How Climatologists Collect and Map Wind Data

Climatology is the scientific study of climate. Climatology is also a study which covers a fairly longer time period in comparison to meteorology which is the study of climate of a short-termed nature.

A wind map is generally a depiction of the scale and the route of the winds of a region in graphic form, using cartography with a scale. There are a number of entities that climatologists have to consider before a wind map can be produced, such as surface measurement, orographic data, topographic data, data of land coverage, and satellite images. Another important thing about collecting, analyzing, and mapping data regarding climate is that it is not done over a short period. Climate cannot be generalized and therefore a vast period of usually 10 to 15 years of the past are reflected upon before making any firm conclusion.

Climatologists also have another task of comparing weather of the past with the present and predicted possible future climate conditions of any particular region. Climatologists collect wind data by recording and recording wind speed and precipitation constantly. It is a task that is always in motion and transition because wind speed and precipitation just like any other natural occurrence are only roughly predictable. Ocean currents, tidal waves, sunlight and sun heat, and mountain ranges are some more elements that climatologists take into account before mapping wind data. Different regions of the world receive dissimilar amount of sun heat and therefore differ in temperature and air pressure and collectively affect the local wind as well.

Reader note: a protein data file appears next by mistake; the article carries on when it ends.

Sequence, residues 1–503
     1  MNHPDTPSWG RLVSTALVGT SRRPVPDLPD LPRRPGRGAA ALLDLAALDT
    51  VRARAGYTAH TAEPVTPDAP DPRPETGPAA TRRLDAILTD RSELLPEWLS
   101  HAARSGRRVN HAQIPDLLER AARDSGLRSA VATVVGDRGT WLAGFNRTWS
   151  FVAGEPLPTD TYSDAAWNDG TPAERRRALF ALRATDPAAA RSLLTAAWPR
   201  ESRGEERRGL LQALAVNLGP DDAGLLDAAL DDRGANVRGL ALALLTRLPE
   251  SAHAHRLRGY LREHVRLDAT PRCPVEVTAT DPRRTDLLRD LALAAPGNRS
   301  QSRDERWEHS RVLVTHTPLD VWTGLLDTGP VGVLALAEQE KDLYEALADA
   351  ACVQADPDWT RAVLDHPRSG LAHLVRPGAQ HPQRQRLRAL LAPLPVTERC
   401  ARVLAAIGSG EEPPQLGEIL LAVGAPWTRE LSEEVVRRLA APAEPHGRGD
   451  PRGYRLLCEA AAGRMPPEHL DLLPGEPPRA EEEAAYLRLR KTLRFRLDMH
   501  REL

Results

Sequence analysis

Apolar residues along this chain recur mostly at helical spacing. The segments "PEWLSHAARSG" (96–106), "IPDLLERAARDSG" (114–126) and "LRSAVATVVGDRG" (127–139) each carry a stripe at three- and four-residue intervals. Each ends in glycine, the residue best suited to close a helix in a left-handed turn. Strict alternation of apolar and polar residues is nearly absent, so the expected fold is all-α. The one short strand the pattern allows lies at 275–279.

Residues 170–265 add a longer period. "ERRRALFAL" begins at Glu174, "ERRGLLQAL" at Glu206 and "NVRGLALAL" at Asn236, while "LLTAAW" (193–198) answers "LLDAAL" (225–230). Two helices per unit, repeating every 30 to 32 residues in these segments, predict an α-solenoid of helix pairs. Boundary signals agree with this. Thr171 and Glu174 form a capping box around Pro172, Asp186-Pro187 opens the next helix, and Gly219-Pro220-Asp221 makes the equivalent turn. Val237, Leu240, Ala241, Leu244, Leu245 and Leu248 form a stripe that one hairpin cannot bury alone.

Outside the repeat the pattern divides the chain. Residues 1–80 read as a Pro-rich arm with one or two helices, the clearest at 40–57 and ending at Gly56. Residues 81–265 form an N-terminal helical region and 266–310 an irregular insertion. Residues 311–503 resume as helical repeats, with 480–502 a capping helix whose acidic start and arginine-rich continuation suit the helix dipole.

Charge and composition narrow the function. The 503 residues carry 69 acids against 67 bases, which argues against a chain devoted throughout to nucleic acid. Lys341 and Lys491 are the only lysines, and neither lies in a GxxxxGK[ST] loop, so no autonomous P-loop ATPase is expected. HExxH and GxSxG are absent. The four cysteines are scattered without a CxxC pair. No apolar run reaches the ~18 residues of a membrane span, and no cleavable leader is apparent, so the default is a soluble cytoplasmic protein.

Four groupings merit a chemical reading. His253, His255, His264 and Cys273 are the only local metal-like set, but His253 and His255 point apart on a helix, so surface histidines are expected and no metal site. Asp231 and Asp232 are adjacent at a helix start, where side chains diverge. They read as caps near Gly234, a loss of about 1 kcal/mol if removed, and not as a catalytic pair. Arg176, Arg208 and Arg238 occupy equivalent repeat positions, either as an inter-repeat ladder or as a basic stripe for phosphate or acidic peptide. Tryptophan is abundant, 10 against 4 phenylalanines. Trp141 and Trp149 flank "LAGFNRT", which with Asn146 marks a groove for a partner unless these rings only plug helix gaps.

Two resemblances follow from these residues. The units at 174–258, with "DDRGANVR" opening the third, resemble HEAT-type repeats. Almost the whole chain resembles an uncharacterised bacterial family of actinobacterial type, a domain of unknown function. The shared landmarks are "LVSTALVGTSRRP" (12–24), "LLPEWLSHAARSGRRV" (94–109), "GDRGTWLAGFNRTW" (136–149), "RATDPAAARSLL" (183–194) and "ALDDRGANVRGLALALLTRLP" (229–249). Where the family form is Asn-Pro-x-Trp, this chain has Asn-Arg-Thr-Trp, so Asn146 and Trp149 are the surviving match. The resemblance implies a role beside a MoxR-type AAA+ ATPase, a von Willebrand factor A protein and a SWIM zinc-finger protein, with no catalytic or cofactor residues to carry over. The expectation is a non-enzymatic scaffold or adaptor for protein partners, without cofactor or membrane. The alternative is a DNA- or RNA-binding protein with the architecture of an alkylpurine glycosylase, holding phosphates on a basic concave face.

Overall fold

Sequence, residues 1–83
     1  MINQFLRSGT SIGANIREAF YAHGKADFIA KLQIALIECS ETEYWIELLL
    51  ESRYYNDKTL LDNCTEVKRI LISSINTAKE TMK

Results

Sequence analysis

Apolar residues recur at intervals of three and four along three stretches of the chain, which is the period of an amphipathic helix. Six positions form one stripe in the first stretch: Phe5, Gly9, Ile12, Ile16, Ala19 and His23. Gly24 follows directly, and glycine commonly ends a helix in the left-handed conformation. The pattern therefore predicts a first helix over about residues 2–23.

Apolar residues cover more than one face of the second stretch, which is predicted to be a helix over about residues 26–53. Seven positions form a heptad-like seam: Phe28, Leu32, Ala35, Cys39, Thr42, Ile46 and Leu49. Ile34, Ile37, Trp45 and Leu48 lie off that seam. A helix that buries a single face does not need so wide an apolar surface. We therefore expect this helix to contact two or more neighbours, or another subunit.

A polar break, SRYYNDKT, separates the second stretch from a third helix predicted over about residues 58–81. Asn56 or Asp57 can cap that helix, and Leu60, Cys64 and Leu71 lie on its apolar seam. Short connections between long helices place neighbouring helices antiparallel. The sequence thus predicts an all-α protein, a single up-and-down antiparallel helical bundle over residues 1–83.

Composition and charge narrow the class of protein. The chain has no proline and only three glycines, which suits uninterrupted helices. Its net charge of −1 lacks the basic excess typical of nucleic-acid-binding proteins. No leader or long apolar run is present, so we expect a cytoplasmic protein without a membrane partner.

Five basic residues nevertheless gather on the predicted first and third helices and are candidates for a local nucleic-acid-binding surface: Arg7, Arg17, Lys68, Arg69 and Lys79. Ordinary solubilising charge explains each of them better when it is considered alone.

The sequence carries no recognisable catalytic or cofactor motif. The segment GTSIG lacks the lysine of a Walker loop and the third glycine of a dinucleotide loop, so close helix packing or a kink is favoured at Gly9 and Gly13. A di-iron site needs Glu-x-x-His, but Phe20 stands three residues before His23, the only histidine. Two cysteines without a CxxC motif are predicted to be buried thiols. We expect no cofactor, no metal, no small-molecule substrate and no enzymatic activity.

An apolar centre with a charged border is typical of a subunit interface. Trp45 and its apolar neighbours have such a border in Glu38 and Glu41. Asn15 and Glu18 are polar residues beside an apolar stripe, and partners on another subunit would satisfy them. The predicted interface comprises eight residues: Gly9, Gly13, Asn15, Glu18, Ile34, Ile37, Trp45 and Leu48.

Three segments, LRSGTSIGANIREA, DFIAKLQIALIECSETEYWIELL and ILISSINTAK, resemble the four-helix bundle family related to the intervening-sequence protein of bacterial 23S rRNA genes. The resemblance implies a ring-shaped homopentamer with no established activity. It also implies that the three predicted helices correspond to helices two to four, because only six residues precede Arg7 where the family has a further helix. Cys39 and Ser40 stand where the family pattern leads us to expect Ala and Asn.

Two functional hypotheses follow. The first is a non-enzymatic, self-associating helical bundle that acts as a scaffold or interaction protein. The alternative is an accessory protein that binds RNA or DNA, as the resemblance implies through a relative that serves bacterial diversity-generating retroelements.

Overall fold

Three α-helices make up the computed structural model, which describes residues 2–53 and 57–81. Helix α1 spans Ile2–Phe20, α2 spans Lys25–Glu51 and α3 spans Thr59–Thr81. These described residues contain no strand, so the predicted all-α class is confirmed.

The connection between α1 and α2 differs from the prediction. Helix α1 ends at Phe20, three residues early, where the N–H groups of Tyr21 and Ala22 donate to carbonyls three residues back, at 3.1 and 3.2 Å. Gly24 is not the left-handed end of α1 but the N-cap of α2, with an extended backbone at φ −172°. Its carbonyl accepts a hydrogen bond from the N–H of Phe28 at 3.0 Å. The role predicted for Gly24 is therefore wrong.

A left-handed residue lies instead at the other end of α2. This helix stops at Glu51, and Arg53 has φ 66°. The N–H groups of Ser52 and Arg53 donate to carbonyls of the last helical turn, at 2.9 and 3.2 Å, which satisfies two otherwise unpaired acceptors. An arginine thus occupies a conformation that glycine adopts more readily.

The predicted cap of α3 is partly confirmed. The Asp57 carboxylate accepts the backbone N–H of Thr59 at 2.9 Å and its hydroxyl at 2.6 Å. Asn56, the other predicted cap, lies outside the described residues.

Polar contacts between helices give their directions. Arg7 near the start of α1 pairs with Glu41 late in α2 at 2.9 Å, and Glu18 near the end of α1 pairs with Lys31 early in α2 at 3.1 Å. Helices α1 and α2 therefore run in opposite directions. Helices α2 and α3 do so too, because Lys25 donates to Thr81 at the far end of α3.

A known fact is that wind shifts from an area of high air pressure to an area of low air pressure due to the molecular properties involved. Climatologists take this fact into account by the help of satellite photos to determine areas of high air pressure and predict the possible wind movement by mapping wind data.

 To accurately map wind data, a climatologist has to know about wind speed and wind direction foremost. This is usually done by taking out an average speed and direction of prevailed and prevailing winds.  Composition of chemical and physical atmosphere, circulation patterns of winds, and heat transfer in the form of radiation, convective and latent, are equally important to collect as accurate data as possible.

Climatologists are also criticized for their over-reliance on old assumptions and maps for predicting future wind conditions. These criticisms are based on the instability of nature.